Gingerbread House without Molasses

Gingerbread House without molasses

Hello you! I hope you all had a lovely Christmas. Even if you couldn't celebrate it like you normally do. I definitely had a slower Christmas than usual. We stayed in mostly. I cooked a vegetarian dinner for two, and we walked with our dog a lot. A few days before Christmas, I made a gingerbread house for the very first time. Not to eat it. But to have it as a decor centerpiece on the kitchen table.

I've never made a gingerbread house before. Assembling it was more difficult than I imagined because fitting the pieces, after they are baked and not 100% straight anymore, was challenging. I smacked royal icing on it to glue it all together, and the royal icing looks like snow. I used a gingerbread house template that I bought online. I didn't realise that it was a XXL-size mould. So I cut it into a smaller mould. I kept the rest of the gingerbread pretty basic. I'm new to decorating a gingerbread house. Hopefully next year I'll plan a little bit more time to decorate it.

Since I live in the Netherlands, and molasses is not a thing here, I searched for an online recipe that substituted the molasses. Which was very difficult to find. I ended up with making my own substitute that I've made before, which is 50% honey and 50% dark brown sugar. Once baked, the honey does not have an overpowering taste to it, and it really resembles molasses!


Adapted from Sally's Baking Addiction. She shares great tips and videos!


  • 3 cups (375gall-purpose flour spoon & leveled
  • 1/4 teaspoon teaspoon baking soda
  • 2 teaspoons ground ginger
  • 2 teaspoons ground cinnamon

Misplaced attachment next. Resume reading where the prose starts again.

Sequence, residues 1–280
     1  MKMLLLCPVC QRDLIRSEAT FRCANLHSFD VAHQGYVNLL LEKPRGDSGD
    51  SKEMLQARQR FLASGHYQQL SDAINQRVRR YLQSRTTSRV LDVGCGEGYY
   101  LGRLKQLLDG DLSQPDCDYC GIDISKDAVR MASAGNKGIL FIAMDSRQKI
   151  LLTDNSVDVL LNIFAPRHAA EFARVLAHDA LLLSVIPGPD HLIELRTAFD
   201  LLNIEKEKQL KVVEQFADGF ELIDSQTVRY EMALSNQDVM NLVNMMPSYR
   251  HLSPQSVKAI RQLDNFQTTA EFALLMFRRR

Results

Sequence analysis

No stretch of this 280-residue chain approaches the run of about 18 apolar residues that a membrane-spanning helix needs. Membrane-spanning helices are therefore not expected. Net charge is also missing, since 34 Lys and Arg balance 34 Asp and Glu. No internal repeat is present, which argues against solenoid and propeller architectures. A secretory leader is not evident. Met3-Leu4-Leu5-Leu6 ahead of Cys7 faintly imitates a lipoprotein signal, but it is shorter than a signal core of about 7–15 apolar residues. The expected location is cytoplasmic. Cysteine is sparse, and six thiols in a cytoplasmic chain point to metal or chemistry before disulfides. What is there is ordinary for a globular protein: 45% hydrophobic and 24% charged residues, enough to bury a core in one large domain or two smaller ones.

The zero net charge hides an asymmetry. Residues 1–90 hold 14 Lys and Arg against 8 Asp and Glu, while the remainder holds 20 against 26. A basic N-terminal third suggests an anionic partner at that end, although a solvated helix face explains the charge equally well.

• 1/2 teaspoon ground allspice
  • 1/4 teaspoon salt
  • 6 Tablespoons (85gunsalted butter, softened to room temperature
  • 3/4 cup packed dark brown sugar 
  • 1 large egg, at room temperature
  • 1/2 cup (120ml) honey
  • 2 Tablespoons water
  • royal icing as the "glue"
  • assorted candies 


  1. Make the cookie dough: Whisk the flour, baking soda, ginger, cinnamon, allspice, and salt together in a large bowl. Set aside.

  2. In a large bowl using a hand-held mixer or stand mixer fitted with a paddle attachment, beat the butter and brown sugar together on medium speed until completely smooth and creamy, about 2 minutes. Beat in the egg, honey, and water on high speed. Scrape down the sides and up the bottom of the bowl and beat again as needed to combine. On low speed, slowly mix the dry ingredients into the wet ingredients until combined. Cookie dough will be very thick.
  3. Divide cookie dough in half, flatten into discs (about 4-5 inches in diameter), and wrap each tightly in plastic wrap. Chill in the refrigerator for 2 hours or up to 3 days.

  4. Preheat oven to 350°F (177°C). Line 2-3 large baking sheets with parchment paper or silicone baking mats.

  5. Cut into shapes: Remove each disc from the refrigerator and roll each out in between two pieces of parchment paper. Gingerbread cookie dough will stick to your counter no matter how much you flour it. Parchment is best. Roll out to about 1/4 inch thick. You want thick pieces for your gingerbread house. Lightly flour the underside of gingerbread house template shapes. (The dough is sticky and the paper may stick to it otherwise.) Using a pizza cutter or small knife, carefully cut the dough into the gingerbread house template shapes. You will need TWO of each shape. Re-roll dough scraps so you have enough dough for the whole house. Use any extra dough to create fun shapes using cookie cutters. 

  6. Carefully arrange gingerbread house shapes onto prepared baking sheets, about 3 inches apart. If they lost some of their shape transferring to the baking sheet, straighten out the edges.